Nā Adrienne Rewi
All Images Courtesy of Whale Watch, Kaikōura
The sleepy little east coast South Island town of Kaikōura hasn’t looked back since the day five local Maori families set up Whale Watch back in 1987. In the business’s first year of operation (1989) they carried 3,000 passengers with just one boat. Today they operate more than four boats and they take over 100,000 people a year out on the changeable Kaikōura waters in the hope of spotting one of the visiting whales. On paper it may have seemed like a long shot but today you have to admire the original Māori families who put their homes up as collateral to secure enough money to get started. They raised $90,000 and most of that went on the boat. Today they still own 51% of the company as a charitable trust, with the balance of shares held by Ngāi Tahu. Whale Watch expanded rapidly and keeping pace with the explosive growth has been their biggest challenge.
In 1994 Wally Stone joined Whale Watch as managing director, signalling a whole new mindset for the organisation. New boats, refined approaches and a strategic growth plan all cemented Whale Watch as the town’s most enterprising asset, which has fed close to $2-million back into the community. In 1989 there were five tourist operators in town, including Whale Watch. Now there are over 45, plus accommodation providers, shops, galleries, cafes and restaurants. There is a brand new supermarket and where other small towns in New Zealand are losing their banks, Kaikōura has three – not bad for a town with a population of just 3,500. And today the old railway hums to a different tune – the frenetic comings and goings of over 700 Whale Watch passengers a day – and Whale Watch, now one of New Zealand’s leading tourism experiences, is a keen supporter and sponsor of local marae, schools, sports teams and community groups.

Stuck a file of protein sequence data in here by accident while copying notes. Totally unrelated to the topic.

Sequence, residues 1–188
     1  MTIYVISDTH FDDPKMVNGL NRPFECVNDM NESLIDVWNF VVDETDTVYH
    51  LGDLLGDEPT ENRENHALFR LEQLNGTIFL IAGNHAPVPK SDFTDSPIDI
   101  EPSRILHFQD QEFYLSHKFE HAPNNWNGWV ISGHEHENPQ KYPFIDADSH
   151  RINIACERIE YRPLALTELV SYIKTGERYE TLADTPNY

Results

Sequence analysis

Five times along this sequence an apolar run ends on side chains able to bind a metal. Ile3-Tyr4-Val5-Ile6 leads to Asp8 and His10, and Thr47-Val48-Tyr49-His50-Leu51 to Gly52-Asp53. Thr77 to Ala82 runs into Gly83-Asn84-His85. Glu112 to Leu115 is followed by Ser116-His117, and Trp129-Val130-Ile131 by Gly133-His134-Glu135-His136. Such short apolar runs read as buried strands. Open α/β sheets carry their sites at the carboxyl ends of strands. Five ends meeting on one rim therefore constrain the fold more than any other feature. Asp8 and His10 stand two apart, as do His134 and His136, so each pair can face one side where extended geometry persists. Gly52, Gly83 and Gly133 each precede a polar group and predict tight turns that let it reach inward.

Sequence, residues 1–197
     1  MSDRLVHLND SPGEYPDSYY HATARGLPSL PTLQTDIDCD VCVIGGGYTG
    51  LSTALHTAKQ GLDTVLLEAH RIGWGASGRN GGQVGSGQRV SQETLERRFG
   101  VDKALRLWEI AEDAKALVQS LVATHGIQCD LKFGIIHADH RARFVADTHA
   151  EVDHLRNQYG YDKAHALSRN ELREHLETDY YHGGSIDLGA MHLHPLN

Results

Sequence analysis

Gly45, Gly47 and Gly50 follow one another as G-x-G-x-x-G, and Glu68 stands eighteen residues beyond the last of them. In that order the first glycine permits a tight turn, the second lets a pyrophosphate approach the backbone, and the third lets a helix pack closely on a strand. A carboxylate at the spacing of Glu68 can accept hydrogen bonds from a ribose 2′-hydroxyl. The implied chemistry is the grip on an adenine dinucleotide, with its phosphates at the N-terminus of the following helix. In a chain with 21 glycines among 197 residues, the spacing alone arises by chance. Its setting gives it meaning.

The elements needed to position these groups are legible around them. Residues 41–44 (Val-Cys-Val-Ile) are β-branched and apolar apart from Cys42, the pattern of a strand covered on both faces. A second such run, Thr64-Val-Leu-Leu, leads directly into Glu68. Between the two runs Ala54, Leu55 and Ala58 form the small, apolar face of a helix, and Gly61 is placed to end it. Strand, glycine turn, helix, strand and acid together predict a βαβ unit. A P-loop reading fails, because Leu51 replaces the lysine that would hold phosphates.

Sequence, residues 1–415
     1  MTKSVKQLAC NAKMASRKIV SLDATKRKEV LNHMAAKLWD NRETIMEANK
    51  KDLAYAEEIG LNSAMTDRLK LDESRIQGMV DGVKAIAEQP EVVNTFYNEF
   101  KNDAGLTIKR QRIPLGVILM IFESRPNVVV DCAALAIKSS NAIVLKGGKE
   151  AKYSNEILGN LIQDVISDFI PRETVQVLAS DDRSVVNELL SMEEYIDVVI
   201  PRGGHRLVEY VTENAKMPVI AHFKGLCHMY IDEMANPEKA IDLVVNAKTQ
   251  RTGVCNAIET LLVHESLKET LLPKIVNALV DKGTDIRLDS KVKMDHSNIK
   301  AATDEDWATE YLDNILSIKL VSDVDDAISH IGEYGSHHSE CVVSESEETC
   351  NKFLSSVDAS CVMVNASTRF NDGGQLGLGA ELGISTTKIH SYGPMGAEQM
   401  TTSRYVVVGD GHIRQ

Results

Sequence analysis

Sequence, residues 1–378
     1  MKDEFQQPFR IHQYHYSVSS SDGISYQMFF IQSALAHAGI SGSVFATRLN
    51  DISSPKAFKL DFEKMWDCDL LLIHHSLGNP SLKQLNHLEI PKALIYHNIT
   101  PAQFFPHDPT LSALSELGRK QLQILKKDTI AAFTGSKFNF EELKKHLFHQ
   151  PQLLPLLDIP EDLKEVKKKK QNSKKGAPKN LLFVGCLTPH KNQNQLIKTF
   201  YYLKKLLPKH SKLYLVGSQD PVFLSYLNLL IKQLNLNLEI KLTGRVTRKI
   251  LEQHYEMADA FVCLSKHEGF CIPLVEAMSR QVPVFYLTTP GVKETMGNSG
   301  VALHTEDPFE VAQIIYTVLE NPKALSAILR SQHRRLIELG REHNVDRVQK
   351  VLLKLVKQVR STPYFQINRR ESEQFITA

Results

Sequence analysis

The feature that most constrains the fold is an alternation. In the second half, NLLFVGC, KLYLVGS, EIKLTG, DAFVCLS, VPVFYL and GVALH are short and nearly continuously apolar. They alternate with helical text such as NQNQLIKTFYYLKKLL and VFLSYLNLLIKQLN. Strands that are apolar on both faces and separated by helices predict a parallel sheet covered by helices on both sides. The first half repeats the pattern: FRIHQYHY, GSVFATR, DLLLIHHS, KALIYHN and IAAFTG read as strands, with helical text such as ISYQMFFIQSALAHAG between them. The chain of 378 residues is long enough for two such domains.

For those involved it was always about setting up a new economic base for the town when the railways moved out. Almost every Māori family in town had someone employed by the railway and their closing was a big loss to the community. It is fitting that Māori led the charge in the revitalisation of the town. Māori legend tells us that Kaikōura is the spot where Maui placed his foot to steady himself while he ‘fished up’ the North Island. Archaeological remains found there, indicate that around 900 years ago the peninsula was inhabited by moa hunters; and early Māori settlements were established in response to the region’s abundant food sources. Whale Watch today serves as the perfect reminder of what can be achieved when a small community takes charge of its own destiny; and what happens when the natural world is revered rather than exploited. www.whalewatch.co.nz